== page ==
More than 52 million people in 18 countries across southern, eastern and central Africa are facing up to crisis levels of hunger as a result of weather extremes, compounded by poverty and conflict.
Some areas are facing a second extreme drought in four years and worse than that sparked by El Nino in 1981.
In Southern Africa, parts of Zimbabwe have had their lowest rainfall since 1981 which has helped push more than 5.5m people into extreme food insecurity. Zambia’s rich maize-growing area has been decimated and exports are now banned; 2.3m people there are food insecure. The situation is worsening including in Angola, Malawi, Mozambique, Madagascar, Namibia and Zimbabwe. There are reports of farmer suicides in South Africa.
Drought has also hit the East and Horn of Africa, particularly Ethiopia, Kenya and Somalia. At the same time, record-breaking temperatures in the Indian Ocean have dumped ultra-heavy rainfalls into Kenya and South Sudan, causing flash-flooding especially along major river arteries. South Sudan has declared a state of emergency with more than 900,000 people hit by floods.
Scientists have demonstrated how climate change is increasing the frequency or severity of many extreme weather events. Over the last decade, these 18 African countries have collectively suffered average annual losses of AUD$1b (USD$700m) from climate-related disasters– and this is without counting the cost of these latest crises, says Oxfam. However, there has been minimal progress globally in raising funds specifically to address loss and damage from climate change.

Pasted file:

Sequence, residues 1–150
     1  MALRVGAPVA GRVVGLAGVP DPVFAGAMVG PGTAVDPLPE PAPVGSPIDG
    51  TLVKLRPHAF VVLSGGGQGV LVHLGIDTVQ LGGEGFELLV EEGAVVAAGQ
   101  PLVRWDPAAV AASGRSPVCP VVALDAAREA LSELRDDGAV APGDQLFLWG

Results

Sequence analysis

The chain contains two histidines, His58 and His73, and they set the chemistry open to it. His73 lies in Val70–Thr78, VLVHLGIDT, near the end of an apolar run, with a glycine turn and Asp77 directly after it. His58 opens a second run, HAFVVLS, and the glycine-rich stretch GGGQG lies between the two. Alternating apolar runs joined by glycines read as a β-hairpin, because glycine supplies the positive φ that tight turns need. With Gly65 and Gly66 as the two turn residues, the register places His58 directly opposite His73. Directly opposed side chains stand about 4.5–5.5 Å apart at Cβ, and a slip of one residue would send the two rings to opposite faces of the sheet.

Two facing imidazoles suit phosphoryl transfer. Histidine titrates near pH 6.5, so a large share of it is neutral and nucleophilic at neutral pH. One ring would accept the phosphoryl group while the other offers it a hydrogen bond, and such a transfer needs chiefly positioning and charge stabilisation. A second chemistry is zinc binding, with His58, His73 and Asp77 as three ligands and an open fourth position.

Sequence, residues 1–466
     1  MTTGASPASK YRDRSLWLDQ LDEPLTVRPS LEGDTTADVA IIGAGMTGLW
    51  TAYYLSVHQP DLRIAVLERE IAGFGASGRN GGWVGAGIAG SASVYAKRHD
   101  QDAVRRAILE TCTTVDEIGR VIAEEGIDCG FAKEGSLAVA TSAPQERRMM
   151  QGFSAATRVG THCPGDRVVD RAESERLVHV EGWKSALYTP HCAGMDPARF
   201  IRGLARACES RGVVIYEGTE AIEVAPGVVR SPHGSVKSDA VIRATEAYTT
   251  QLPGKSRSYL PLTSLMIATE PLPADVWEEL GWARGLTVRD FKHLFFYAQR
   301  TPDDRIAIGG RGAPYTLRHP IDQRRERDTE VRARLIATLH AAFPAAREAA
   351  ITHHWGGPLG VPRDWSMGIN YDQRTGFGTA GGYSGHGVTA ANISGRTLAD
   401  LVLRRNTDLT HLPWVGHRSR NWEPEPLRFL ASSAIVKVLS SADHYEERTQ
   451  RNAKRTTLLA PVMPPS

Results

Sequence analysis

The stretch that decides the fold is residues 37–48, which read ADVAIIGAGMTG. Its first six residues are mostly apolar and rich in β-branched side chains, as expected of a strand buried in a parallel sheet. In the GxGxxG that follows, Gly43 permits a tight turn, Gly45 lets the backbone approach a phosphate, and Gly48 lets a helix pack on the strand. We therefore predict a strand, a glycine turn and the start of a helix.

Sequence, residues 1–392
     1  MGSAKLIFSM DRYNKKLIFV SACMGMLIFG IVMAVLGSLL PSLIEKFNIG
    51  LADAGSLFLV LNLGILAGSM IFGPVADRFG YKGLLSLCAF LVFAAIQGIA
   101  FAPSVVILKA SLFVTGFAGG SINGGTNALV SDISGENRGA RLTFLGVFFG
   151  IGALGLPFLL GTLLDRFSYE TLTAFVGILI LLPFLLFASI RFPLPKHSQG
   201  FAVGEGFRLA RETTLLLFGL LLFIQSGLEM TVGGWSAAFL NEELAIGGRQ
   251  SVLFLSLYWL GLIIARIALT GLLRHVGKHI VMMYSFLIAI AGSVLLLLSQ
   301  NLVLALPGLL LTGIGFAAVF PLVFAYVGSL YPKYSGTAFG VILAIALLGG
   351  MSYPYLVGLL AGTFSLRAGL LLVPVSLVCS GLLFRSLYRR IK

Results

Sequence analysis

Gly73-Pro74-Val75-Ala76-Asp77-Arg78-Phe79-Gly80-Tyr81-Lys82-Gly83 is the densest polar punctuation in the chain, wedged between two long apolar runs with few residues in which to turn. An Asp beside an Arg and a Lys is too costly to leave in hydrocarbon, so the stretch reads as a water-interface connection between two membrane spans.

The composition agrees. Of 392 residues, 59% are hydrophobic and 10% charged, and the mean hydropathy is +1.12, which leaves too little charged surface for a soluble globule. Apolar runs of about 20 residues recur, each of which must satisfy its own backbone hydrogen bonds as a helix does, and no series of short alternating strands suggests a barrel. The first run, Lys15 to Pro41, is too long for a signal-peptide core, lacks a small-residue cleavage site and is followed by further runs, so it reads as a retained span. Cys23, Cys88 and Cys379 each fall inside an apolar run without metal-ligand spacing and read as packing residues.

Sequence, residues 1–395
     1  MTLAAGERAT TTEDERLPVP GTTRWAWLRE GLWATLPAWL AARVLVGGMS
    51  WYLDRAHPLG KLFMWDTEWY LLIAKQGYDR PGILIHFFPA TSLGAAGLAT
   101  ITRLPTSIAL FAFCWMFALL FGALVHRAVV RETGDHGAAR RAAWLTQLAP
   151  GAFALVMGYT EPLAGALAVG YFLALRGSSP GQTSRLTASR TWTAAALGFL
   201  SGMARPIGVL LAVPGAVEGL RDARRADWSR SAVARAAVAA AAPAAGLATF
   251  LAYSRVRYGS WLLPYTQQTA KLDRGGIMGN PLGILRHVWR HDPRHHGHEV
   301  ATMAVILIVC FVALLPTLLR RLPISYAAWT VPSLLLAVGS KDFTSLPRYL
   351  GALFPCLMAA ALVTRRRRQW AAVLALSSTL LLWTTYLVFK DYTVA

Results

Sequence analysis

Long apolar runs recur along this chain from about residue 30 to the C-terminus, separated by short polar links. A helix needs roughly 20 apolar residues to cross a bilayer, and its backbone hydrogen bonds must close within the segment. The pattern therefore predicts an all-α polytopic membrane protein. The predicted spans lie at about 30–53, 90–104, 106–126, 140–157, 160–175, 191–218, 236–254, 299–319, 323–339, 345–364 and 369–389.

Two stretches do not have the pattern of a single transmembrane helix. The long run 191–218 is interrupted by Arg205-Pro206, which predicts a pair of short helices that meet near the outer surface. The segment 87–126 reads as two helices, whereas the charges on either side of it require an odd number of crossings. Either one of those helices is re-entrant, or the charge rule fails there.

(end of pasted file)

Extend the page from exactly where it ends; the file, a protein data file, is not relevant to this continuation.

Africa contributes less than 5% of total global emissions but is suffering some of the most severe impacts of the climate crisis.
Oxfam’s Southern Africa Regional Director Nellie Nyang’wa said: “We are witnessing millions of already poor people facing extreme food insecurity and exhausting their reserves because of compounding climate shocks that hit already vulnerable communities hardest. They need help urgently. The scale of the drought devastation across southern Africa is staggering.”
Oxfam Australia’s Humanitarian Lead Josh Hallwright said the Australian Government must do its fair share to help countries across Africa respond to climate-induced natural disasters.
“These countries are bearing the brunt of the climate crisis despite, on average, creating less than a fifth of the pollution per person compared to Australia,” he said.
“The Australian Government should provide humanitarian funding for early action to help these communities avoid the worst impacts of this climate change-induced food security crisis.”
Oxfam is currently reaching more than 7 million people in ten of the hardest hit countries with food and water support, and long-term development projects to help people cope better with climate-related shocks.
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Notes to editors
The 18 African countries analysed are Angola, Botswana, Democratic Republic of Congo, Eswatini, Ethiopia, Kenya, Lesotho, Madagascar, Malawi, Mozambique, Namibia, Somalia, South Africa, South Sudan, Sudan, Tanzania, Zambia, Zimbabwe.
Oxfam’s estimate of economic damages from climate-related disasters is based on figures from EM-DAT: The Emergency Events Database: www.emdat.be. Oxfam’s estimate of displacement from extreme weather events and from conflict if based on figure from IDMC : Internal Displacement Monitoring Centre: http://www.internal-displacement.org/
In 2013, CoP agreed to establish the Warsaw International Mechanism for Loss and Damage which outlines the responsibility of rich developed nations to help communities overcome the loss and damage from climate disasters. Since then, zero progress has been made in ensuring financial support for loss and damage to these communities.
Oxfam is responding to the humanitarian needs in Ethiopia, DRC, Kenya, Somalia, Sudan, South Sudan, Mozambique, Malawi, Zambia and Zimbabwe. For more details please check Oxfam.org